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By Markus Konkol
The February edition of the Open Science Kitchen event was dedicated to "The Benefits and Limitations of Preregistration and Registered Reports". Why this topic? Some of you might have attended the last Open Science Kitchen event in January, where we discussed potential issues. Preregistration was the first item on the list, so apparently, there is some demand for it. It is also a relatively new concept and not very common, for example, in the geoscience and social sciences. The goal of the event was consequently to raise awareness for the two ideas.
By Markus Konkol
On the 15th December 2020, we hosted our first Open Science Day at ITC. Well, it was an afternoon of 2,5 hours, but we still covered many aspects in the context of Open Science (OS).
Let’s take a step back and check why we attach importance to such an event at ITC. First of all, OS is becoming increasingly important. Several high-level organizations published OS statements, for example, UNESCO’s Open Science recommendation or EU’s Open Science policy. Also, bottom-up initiatives (e.g., OS Communities) are working hard to make OS the new norm. Moreover, UT’s Shaping2030 agenda is hardly achievable without OS. However, acknowledging that OS is critical does not mean it is easy. Doing OS can require quite some effort from researchers, starting already with several very fundamental questions such as:
- What does OS mean, and which OS practices exist?
- What are the benefits and limitations of these practices?
- Why is OS important for my work and science in general?
The goal of the OS Day was to shed some light on these questions. One event is not sufficient to answer these questions in detail but we aimed at raising awareness for OS and discussing its incentives as well as the cultural barriers that hinder scientists from sharing their research materials. The agenda included a brief introduction to what OS means, the role of OS at ITC, a keynote by Prof. Dr. Frank Miedema, and a panel discussion (see Materials section for the video) .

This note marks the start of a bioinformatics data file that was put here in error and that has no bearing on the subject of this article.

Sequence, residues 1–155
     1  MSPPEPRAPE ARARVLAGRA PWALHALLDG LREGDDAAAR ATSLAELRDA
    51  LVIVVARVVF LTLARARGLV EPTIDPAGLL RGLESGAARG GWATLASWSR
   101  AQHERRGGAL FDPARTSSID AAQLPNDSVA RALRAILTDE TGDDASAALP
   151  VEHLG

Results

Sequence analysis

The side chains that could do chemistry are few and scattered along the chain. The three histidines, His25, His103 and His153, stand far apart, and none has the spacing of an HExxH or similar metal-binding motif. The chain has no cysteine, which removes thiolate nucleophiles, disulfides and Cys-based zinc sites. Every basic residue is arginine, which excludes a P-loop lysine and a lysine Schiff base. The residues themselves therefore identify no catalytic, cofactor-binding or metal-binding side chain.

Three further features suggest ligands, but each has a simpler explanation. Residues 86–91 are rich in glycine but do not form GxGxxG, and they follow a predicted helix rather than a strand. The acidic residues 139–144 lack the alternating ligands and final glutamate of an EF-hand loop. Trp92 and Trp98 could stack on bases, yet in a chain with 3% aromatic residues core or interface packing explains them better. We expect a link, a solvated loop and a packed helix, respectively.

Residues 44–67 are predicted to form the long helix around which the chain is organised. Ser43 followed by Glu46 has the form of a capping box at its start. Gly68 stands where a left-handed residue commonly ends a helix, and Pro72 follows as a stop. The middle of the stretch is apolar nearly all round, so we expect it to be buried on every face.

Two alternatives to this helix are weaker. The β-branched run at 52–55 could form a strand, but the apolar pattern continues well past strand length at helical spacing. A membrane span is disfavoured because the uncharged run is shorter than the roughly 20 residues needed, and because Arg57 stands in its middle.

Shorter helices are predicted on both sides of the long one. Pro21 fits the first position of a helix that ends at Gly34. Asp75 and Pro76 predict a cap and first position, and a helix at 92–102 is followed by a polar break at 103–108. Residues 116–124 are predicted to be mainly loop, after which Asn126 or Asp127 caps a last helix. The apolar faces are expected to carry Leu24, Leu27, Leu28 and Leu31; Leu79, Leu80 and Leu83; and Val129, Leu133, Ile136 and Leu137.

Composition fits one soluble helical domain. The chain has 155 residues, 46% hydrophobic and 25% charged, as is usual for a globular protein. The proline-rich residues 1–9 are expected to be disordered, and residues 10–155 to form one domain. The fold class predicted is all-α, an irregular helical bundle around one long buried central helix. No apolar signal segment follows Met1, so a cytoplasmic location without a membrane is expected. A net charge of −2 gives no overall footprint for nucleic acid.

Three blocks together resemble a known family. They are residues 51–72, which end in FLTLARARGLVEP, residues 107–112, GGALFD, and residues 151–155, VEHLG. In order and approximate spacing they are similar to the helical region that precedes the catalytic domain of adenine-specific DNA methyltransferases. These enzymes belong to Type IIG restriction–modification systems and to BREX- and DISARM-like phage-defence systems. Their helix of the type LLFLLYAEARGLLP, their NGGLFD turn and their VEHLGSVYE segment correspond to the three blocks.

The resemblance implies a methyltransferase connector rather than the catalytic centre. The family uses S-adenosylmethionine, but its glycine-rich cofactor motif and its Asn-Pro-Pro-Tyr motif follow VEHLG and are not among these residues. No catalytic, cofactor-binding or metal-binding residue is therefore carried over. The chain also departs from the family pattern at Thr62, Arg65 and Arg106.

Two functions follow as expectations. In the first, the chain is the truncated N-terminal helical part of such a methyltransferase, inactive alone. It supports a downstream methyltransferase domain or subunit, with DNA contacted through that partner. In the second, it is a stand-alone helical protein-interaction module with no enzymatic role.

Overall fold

By Markus Konkol
Open Science is often associated with trained researchers who are generating new scientific findings together with other trained researchers. However, many Open Science definitions include aspects that not only address researchers. Science should be open to any person willing to stay informed and contribute. Consequently, science is expected to stimulate the active engagement and contribution of actors beyond the scientific community from society, politics, and the economy. It is thus not surprising to find these aspects summarized as Citizen Science in University of Twente’s Shaping2030 agenda. Citizen Science, as the name suggests, pays particular attention to societal actors and aims at bridging the gap between innovation and society.
To increase the awareness of Citizen Science and join forces with all those who are interested or involved in Citizen Science, the UT organized the Citizen Science Conference on the 20th November 2020. The event comprised the launch of the Shaping Expert Group on Citizen Science and the actual conference, which included a session on the challenges of Citizen Science as well as its impact.